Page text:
Tony Blair is facing calls to make a full statement on how much he knew about the US using UK airports to transport terror suspects.
The leaked memo has reignited the row over the flights
Downing Street says all such cases have now been made public after a leaked memo said "there could be more".
The memo advises ministers to avoid detailed questions on "rendition", and stress their anti-terrorist purpose.
Critics claim the US routinely flies suspects to secret detention centres where they could be tortured.
'Move debate on'
The memo at the centre of the row, written on 7 December last year and apparently designed to prepare Mr Blair for that day's prime minister's questions, said officials had discovered two cases from 1998 - one accepted and one denied - of US flight requests.
It says: "We cannot say that we have received no such request for the use of UK territory.
"The papers we have unearthed so far suggest there could be more such cases."
It adds: "It does remain true that we are not aware of the use of UK territory or airspace for the purposes of extraordinary rendition.
"But we think we should now try to move the debate on and focus people instead on (US Secretary of State Condoleezza) Rice's clear assurance that US activities are consistent with their domestic and international obligations and never include the use of torture."
The memo, which was published in the New Statesman, suggests Whitehall officials were worried that US activities may be illegal under international law.
"In the most common use of the term - ie, involving real risk of torture - it could never be legal because this is clearly prohibited by the UN Convention Against Torture," it says.
It also suggests people captured by British forces in Iraq or Afghanistan could have been sent to potentially illegal interrogation centres.
The memo said the government had "no mechanism for establishing" this, adding "though we would not ourselves question such detainees while they were in such facilities".
Ministers have consistently denied any knowledge of illegal detention centres.
New Statesman political editor Martin Bright told BBC Radio 4's Today programme: "What the advice is saying is, 'Look, this is almost certainly illegal. We do not really know whether it has been going on on our territory, but let's try and spin ourselves out of this situation and try and move the debate on'."
Downing Street said the government had been transparent throughout and the leaked memo predated statements by Mr Straw in which he disclosed details of rendition requests.
"This is a classic case of people getting overexcited about getting a leaked memo rather than reading the content of it," the prime minister's official spokesman said.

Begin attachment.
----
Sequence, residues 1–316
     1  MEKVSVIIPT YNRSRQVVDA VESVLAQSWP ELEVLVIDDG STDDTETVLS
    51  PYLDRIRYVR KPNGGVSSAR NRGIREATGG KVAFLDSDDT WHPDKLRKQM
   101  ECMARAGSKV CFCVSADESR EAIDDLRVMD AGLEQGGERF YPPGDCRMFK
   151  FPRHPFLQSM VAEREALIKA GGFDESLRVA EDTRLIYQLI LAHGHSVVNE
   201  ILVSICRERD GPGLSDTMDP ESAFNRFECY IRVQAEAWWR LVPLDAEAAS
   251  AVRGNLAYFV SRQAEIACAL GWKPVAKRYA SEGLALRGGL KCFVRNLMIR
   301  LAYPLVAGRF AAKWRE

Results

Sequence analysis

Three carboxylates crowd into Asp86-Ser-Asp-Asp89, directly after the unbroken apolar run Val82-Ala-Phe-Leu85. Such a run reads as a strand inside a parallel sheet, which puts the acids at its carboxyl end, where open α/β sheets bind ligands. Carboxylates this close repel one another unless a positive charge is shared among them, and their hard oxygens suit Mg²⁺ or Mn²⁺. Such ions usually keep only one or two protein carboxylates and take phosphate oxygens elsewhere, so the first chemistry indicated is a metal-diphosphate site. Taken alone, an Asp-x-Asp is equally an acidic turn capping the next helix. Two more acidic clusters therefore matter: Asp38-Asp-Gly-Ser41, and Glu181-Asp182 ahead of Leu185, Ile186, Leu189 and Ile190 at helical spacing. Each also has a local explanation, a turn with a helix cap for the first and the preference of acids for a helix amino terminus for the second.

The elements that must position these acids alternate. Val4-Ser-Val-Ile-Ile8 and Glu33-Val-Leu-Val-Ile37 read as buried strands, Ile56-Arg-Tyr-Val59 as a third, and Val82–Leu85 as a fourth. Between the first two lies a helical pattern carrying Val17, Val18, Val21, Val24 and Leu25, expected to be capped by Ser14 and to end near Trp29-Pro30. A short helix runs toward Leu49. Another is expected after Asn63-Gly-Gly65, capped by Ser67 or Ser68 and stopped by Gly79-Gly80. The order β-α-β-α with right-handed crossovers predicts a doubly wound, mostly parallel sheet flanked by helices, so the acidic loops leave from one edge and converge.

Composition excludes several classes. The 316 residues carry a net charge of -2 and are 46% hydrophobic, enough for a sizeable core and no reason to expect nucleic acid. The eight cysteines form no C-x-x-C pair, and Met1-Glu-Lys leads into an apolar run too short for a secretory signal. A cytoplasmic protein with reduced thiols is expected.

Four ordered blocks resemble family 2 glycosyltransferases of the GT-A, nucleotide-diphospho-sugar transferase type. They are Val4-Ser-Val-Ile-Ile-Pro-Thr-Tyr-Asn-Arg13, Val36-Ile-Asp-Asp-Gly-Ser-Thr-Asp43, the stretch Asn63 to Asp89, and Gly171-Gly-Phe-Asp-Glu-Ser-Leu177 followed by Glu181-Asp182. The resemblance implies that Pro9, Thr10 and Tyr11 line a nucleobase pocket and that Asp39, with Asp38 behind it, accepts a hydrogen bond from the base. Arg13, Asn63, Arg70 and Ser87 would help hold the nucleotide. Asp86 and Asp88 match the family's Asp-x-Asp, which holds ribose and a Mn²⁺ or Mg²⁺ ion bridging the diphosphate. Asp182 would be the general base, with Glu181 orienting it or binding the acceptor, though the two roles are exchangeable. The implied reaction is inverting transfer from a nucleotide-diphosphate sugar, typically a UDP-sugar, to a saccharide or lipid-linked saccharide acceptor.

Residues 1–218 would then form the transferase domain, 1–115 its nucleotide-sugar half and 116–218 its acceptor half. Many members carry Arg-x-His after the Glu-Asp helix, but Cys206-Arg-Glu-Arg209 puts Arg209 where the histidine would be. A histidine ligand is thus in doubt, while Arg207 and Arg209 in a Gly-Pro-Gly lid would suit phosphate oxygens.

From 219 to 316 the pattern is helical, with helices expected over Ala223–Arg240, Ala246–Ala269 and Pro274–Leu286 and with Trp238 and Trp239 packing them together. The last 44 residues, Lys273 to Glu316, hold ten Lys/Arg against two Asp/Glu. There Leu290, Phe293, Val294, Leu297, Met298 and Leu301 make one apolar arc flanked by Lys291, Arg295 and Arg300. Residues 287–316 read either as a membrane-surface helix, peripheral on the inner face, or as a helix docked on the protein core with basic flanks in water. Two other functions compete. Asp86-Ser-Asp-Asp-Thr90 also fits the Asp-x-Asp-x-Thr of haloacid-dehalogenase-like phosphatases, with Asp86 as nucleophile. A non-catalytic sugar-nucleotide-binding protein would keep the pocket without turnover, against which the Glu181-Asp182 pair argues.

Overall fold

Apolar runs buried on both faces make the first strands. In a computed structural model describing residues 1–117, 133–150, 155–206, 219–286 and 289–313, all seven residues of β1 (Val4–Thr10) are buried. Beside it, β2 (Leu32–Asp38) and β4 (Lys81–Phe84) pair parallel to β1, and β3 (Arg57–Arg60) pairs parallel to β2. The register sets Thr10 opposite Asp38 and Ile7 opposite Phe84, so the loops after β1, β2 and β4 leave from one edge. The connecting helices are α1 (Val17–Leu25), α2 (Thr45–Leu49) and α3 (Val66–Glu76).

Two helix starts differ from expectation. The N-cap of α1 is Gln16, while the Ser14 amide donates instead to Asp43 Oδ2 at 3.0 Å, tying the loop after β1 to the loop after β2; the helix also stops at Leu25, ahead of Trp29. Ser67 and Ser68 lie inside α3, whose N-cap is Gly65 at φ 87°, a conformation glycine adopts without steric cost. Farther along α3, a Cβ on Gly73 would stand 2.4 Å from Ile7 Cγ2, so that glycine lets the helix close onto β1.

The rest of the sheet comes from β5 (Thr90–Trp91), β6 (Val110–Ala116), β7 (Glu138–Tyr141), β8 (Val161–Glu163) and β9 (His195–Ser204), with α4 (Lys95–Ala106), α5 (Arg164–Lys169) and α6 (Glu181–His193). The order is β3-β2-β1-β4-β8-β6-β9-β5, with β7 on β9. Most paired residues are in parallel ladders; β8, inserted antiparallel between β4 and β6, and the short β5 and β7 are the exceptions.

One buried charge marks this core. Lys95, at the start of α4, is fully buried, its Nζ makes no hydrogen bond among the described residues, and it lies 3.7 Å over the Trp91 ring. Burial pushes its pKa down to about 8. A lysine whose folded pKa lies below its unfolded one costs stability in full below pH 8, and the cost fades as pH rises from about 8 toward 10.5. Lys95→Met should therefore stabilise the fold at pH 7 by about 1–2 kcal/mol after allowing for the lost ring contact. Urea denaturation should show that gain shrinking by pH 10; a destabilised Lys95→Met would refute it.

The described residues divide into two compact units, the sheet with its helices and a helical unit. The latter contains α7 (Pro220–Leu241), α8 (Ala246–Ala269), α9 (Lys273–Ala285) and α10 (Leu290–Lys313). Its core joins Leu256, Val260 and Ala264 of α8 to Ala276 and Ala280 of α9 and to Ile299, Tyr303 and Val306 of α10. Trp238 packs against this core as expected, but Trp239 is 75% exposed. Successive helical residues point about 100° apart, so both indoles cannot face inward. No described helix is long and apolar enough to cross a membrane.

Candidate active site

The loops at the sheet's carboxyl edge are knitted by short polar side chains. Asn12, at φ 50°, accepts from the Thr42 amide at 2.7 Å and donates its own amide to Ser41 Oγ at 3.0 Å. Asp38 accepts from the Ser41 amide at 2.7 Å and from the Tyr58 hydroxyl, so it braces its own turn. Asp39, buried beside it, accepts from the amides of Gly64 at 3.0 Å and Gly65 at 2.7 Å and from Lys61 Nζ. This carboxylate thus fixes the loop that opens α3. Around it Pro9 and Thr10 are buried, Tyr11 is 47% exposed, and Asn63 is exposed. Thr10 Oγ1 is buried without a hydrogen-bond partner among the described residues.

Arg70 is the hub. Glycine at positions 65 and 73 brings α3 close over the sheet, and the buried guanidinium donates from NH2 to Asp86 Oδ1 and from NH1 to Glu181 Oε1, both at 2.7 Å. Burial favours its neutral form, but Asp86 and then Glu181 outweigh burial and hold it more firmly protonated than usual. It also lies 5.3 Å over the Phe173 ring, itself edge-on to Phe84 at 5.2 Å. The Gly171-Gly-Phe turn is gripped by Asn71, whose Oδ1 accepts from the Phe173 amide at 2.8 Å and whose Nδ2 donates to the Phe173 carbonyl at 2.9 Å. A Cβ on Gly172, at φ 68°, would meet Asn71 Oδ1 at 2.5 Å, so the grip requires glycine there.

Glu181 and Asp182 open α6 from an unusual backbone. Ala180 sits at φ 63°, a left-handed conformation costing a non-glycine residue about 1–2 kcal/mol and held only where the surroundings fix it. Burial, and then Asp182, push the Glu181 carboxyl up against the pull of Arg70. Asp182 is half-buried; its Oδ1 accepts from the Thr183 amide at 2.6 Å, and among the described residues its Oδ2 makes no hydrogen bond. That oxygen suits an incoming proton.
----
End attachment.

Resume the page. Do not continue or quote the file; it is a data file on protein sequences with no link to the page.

A Foreign Office spokesman said Mr Straw had already made clear the UK had not agreed, and would not agree, to help transfer people to places where there were "substantial grounds to believe they would face a real risk of torture."
Mr Straw told MPs on 12 December that only two cases, in 1998, had been found where such transfers were approved, and none had been found since 11 September 2001.
On 10 January this year, Mr Straw told MPs a further case, also from 1998, in which the government "declined a US request to refuel a flight carrying two detainees in route to the US", had been discovered by officials.
Downing Street said the examination of the files was now complete and no further cases had been discovered.
But the Conservatives have called on Mr Straw to make a full Commons statement detailing what the government knew.
Shadow foreign secretary William Hague said: "We still need to know from ministers whether they are entirely satisfied that UK airspace and territory has not been used for the transfer of suspects leading to their torture."
Liberal Democrat acting leader Sir Menzies Campbell said he would be writing to Mr Blair to demand a full statement.
"This memo appears to suggest that at least somewhere in the government someone was giving advice to Number 10 Downing Street that rendition was probably illegal, that there was probably an obligation to make investigations," Sir Menzies told BBC Radio 4's Today programme.
It also suggested "apparently unequivocal" statements made by US Secretary of State Condoleeza Rice "may have related to torture but not to cruel and inhuman behaviour", he added.
Sir Menzies said he did not know if there had been a deliberate cover-up, but added "there appears to be grave inconsistencies in the position of the government".